Some New Zealand religious groups fit an internationally-recognised definition of a potential terrorist organisation, according to a Massey University specialist in world religions, Dr Heather Kavan.
Dr Kavan today addressed a counter-terrorism seminar in Wellington on the similarities between the terrorist organisation Aum Shinrikyo, responsible for the fatal nerve gas attacks on the Tokyo subway a decade ago, and the Falun Gong movement, outlawed in China despite never having engaged in terrorist activities.
In a paper entitled Dangerous organisations or dangerous situations? Comparing Aum Shinrikyo and Falun Gong, Dr Kavan cites a United States intelligence report description of the Tokyo nerve gas attack, which killed 12 and injured 5000, as a textbook case of apocalyptic religious violence.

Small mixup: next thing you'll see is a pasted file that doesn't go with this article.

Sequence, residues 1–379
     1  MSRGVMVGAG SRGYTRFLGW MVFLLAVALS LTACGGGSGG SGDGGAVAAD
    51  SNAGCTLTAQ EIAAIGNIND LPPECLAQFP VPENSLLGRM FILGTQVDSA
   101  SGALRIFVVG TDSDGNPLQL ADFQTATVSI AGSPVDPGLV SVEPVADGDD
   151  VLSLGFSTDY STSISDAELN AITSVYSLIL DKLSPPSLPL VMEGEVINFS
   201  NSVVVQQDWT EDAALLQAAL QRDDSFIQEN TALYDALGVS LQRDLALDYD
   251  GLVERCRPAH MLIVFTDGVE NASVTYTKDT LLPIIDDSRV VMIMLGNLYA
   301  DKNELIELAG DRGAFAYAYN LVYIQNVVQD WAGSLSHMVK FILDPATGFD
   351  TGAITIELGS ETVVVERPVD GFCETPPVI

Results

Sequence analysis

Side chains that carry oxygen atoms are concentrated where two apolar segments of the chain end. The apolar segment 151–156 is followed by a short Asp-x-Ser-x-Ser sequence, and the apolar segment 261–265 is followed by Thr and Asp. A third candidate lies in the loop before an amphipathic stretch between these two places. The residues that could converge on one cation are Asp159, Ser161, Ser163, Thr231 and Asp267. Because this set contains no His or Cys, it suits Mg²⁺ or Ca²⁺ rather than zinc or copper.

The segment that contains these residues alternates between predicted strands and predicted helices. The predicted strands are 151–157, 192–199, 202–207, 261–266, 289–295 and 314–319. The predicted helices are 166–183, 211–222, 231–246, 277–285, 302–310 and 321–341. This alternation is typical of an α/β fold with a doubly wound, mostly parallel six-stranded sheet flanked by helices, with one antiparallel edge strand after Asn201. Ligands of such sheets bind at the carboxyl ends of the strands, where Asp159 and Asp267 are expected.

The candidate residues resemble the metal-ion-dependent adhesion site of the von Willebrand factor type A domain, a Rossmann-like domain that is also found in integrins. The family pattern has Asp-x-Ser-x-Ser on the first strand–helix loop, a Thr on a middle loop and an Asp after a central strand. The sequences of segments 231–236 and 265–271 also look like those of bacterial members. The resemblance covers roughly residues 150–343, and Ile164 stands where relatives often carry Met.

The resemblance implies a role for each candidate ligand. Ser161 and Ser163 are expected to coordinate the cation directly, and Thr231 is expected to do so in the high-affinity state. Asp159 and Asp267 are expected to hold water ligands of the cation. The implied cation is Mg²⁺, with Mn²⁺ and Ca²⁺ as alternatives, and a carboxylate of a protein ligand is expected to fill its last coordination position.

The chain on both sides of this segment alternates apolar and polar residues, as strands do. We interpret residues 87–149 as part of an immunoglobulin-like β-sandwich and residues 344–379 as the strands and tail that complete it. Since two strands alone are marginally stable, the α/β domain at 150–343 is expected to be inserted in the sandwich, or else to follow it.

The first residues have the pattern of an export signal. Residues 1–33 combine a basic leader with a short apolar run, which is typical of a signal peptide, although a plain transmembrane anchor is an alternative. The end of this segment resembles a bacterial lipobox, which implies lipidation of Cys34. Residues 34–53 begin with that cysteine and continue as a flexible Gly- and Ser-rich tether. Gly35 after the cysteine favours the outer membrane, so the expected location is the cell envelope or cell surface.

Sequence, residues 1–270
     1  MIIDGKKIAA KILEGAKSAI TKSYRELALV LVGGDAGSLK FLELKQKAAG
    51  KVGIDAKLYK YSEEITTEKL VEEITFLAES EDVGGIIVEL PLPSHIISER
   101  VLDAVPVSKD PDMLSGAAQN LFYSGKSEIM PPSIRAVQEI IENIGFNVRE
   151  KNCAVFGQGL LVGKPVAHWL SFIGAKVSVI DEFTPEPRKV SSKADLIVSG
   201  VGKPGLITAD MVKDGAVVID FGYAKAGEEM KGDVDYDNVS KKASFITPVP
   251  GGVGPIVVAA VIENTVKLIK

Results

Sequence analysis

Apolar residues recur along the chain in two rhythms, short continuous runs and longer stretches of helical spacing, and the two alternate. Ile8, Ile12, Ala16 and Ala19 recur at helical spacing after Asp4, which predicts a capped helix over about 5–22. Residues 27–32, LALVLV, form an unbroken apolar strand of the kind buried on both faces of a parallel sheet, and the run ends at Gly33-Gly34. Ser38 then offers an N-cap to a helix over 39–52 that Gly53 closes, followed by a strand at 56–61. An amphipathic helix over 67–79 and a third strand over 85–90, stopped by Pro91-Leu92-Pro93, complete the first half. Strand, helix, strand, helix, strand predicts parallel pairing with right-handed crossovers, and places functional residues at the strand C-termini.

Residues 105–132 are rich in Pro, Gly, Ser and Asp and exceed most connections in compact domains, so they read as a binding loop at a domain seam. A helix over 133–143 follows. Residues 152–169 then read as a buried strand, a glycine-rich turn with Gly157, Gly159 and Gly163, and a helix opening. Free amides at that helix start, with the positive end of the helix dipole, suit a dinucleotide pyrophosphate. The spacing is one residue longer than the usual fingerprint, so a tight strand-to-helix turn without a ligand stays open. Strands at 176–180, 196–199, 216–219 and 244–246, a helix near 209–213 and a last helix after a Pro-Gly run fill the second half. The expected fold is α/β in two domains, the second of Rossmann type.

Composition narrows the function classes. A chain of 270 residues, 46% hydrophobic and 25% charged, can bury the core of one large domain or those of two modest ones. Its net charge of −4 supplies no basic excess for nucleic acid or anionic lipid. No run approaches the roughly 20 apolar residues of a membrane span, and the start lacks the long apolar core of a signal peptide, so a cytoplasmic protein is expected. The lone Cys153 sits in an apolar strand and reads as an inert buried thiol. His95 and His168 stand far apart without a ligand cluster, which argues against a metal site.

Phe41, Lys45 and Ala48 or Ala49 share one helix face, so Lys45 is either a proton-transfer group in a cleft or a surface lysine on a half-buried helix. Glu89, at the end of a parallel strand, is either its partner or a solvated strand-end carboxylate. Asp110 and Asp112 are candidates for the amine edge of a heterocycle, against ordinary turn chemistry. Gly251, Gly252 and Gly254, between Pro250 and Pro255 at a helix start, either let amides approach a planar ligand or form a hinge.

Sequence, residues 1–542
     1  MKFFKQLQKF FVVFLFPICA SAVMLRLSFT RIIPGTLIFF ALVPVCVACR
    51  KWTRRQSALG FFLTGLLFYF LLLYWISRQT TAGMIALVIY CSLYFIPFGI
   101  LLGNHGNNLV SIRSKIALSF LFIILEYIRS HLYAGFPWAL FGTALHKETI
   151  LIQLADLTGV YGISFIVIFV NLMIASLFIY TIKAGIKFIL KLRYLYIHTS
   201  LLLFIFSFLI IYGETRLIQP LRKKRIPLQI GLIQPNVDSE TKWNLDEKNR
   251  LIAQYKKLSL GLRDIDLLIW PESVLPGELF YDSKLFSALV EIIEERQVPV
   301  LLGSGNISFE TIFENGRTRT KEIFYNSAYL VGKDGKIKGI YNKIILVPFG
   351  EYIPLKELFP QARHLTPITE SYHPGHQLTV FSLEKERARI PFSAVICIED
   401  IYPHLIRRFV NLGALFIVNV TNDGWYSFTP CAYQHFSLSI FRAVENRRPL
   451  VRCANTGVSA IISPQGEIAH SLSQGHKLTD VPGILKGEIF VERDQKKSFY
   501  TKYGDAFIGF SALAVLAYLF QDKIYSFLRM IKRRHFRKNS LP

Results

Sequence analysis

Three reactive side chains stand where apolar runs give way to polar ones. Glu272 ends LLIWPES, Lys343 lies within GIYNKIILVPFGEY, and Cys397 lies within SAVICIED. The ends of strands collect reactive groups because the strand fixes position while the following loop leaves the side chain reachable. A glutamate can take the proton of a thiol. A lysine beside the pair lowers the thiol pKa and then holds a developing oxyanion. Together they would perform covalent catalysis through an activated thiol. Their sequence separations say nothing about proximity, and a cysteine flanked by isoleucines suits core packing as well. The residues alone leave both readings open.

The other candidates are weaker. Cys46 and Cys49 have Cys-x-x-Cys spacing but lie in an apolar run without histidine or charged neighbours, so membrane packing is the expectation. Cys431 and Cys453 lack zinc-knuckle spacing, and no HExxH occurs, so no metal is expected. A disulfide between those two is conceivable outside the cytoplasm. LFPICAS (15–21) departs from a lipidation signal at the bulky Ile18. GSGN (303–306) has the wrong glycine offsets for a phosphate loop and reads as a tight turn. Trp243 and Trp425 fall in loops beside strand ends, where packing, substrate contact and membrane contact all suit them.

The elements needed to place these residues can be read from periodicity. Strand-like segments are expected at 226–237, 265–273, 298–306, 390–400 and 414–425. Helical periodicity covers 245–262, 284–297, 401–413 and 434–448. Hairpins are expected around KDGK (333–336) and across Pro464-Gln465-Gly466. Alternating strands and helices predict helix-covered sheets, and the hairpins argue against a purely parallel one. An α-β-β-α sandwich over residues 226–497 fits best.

The authors of that report, known as Project Megiddo, asserted that any religious group in which a guru induced others to be totally dependent on him and his allegedly supernatural powers, while preaching the imminent end of the world, was intrinsically violent.
“This description could, of course, apply to many religious organisations that have never engaged in terrorism, including New Zealand groups,” Dr Kavan told the Wellington conference.
She said there were several triggers that could push a non-violent cult into violence, including unwelcome attention from authorities or the news media, often resulting from disgruntled former members speaking publicly.
“ Leaders who profess to have an omniscient edge on the rest of us obviously have a greater potential than others to incite violence. Factors that may trigger violence (including suicides) in so-called cults are: negative publicity, impending police raids, exposes from ex-members, public humiliation of the leader, and – more importantly – likely loss of credibility.”
She said groups who perceived their enemy as the United States were more likely to turn to terrorism.